Hilcorp Alaska was the only company taking part in the Cook Inlet Lease Sale 244 – the first lease sale held in Alaska’s federal waters since 2008.
The sale on Wednesday garnered $3,034,815 in high bids for 14 tracts covering roughly 76,615 acres in Cook Inlet, off Southcentral Alaska. All bids were submitted by Hilcorp Alaska.
Cook Inlet Lease Sale 244 is the final to be held under the 2012-2017 Outer Continental Shelf (OCS) Oil and Gas Leasing Program (Five-Year Program). It offered 1.09 million acres in Cook Inlet, comprising 224 blocks stretching roughly from Kalgin Island in the north to Augustine Island in the south.
“This sale represents an important step forward for energy development in Alaska,” said Dr. Walter Cruickshank, Bureau of Ocean Energy Management’s (BOEM’s) acting director. “It demonstrates our commitment to environmentally responsible energy development that provides economic opportunities and generates jobs. Expanded oil and gas production is critical to America’s economic and energy security, as we move to strengthen the Nation’s energy independence in accordance with the administration’s goals.”
Prior to today’s sale, twelve lease sales were held under the 2012-2017 Five Year Program, which offered about 73 million acres for development and generated about $3.275 billion in bid revenues.
The 2017-2022 Program is set to begin this summer and will be in effect until BOEM completes a new National OCS Oil and Gas Leasing Program.
Following the Cook Inlet sale, each bid will go through a 90-day evaluation process before a lease is awarded.
Conservation group slams Hilcorp’s safety record
The Center for Biological Diversity, a conservation group, has criticized Hilcorp’s participation in the lease sale, pointing to the fact that the company’s existing Cook Inlet offshore drilling infrastructure “was plagued by an oil spill and gas pipeline leak earlier this year.”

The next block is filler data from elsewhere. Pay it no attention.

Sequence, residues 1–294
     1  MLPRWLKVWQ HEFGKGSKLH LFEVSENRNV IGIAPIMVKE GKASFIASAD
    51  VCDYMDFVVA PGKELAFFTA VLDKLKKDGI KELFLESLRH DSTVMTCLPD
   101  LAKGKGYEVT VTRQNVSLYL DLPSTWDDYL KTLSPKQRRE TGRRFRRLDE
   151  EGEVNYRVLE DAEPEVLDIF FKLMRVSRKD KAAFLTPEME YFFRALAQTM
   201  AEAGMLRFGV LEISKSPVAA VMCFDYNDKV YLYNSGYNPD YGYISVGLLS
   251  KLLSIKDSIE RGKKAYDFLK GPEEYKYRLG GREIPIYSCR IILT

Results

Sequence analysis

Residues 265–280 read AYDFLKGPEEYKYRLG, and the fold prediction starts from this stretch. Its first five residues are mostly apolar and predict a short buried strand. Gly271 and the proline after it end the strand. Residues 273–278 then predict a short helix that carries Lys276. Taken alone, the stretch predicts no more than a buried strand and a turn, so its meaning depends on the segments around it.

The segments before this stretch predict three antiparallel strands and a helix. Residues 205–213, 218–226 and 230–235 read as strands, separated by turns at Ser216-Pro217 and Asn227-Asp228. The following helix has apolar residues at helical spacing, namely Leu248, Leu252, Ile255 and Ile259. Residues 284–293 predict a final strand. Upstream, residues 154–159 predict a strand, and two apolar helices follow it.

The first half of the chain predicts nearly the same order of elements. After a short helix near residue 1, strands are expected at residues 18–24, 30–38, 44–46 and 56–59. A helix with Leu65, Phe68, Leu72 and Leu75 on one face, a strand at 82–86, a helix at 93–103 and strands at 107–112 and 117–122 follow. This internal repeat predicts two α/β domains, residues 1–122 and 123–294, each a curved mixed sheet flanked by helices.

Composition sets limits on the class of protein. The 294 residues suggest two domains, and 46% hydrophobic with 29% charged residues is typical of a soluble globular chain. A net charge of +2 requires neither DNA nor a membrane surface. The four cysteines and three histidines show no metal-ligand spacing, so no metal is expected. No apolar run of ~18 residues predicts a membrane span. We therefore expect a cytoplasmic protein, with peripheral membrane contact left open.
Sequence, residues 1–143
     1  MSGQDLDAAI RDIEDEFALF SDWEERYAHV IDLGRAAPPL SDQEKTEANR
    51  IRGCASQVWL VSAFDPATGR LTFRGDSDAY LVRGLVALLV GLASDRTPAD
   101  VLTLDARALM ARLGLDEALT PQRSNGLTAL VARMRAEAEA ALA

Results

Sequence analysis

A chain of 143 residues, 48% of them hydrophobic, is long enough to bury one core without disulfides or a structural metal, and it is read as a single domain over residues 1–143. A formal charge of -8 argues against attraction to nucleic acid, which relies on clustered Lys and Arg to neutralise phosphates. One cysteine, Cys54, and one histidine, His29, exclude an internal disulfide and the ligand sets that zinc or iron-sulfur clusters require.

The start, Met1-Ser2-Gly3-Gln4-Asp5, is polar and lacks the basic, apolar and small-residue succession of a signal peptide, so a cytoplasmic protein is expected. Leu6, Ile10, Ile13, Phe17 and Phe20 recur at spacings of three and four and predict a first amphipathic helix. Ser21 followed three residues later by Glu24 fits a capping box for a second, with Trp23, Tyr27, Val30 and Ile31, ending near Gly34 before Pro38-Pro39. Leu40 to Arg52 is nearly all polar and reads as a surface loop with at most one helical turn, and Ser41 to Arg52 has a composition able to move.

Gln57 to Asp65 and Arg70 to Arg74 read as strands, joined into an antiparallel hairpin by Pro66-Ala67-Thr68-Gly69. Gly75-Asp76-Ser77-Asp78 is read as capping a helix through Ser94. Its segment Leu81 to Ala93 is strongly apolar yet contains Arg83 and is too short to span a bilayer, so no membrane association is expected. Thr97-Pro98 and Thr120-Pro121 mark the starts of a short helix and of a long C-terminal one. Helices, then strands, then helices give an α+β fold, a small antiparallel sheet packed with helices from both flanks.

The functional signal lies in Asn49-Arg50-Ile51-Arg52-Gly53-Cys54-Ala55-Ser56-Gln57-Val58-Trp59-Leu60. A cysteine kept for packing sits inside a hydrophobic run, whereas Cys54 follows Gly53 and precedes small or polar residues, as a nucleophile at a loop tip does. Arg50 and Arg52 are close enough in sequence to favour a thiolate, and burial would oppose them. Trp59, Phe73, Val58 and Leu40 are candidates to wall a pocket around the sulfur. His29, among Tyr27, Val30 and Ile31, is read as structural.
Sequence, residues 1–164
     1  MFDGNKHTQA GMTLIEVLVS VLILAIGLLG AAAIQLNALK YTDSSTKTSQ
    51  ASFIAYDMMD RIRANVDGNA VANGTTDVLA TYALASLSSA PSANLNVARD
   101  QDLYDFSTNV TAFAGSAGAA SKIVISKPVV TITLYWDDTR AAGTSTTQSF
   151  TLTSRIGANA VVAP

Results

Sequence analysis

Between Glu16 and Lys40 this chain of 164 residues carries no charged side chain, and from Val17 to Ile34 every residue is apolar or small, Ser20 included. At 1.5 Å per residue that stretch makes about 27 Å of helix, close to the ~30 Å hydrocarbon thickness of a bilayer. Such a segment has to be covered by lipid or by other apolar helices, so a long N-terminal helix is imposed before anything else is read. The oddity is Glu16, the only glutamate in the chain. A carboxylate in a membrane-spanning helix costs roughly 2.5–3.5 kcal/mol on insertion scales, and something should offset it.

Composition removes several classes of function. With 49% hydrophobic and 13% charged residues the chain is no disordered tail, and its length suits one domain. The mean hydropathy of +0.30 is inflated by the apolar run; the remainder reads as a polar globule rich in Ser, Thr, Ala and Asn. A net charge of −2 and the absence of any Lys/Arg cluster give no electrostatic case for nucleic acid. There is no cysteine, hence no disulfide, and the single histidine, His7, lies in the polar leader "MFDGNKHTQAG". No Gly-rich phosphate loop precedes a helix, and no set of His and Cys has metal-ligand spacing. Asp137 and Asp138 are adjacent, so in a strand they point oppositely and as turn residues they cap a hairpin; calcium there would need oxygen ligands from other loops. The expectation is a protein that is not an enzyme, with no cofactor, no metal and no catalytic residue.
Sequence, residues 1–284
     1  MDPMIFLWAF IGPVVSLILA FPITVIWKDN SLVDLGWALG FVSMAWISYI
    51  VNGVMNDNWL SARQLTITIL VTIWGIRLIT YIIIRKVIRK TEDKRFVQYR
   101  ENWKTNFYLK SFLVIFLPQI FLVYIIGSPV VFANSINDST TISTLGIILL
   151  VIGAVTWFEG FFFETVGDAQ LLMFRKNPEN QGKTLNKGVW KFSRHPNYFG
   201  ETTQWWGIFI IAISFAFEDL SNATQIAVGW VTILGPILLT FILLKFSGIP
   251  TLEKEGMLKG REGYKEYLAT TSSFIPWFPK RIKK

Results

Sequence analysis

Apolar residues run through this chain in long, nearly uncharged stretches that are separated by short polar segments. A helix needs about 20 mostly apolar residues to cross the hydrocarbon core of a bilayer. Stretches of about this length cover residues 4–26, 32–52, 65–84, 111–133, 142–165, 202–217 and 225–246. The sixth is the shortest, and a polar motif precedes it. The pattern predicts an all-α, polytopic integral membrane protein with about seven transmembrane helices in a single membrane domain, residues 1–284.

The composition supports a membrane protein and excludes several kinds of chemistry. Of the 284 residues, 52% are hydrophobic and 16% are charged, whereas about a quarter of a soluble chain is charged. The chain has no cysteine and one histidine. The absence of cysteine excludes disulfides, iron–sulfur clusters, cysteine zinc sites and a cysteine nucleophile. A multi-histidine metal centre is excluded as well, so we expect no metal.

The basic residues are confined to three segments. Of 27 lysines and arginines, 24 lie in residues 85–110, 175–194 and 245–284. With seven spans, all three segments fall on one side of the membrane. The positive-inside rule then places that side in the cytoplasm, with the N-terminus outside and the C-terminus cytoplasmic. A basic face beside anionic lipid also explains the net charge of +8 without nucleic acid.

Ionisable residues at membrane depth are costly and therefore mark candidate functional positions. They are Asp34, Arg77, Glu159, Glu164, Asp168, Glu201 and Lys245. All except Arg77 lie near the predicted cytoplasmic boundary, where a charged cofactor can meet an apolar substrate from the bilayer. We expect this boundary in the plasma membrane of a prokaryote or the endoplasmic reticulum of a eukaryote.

“After Hilcorp’s struggle with oil and gas leaks into Cook Inlet this year, it’s disturbing to see the company given more chances to drill and spill in this fragile place,” said Center for Biological Diversity attorney Kristen Monsell. “Allowing this company to expand could have devastating effects on Cook Inlet beluga whales and their prey.”
The center has further highlighted the Alaska Oil and Gas Conservation Commission’s list showing Hilcorp’s for violation of safety regulations for its oil and gas operations in the state. In March 2017, the center said, the commission fined Hilcorp $200,000 for failing to maintain a safe work environment in accordance with good oilfield engineering practices, among other issues.
“Hilcorp’s disdain for regulations and history of spills could spell disaster for Cook Inlet and the Arctic,” Monsell said. “The Trump administration is setting the table for more accidents in these treacherous waters. We’ll be fighting to make sure Cook Inlet beluga whales and other Alaskan wildlife are protected from dangerous offshore drilling.”
Offshore Energy Today Staff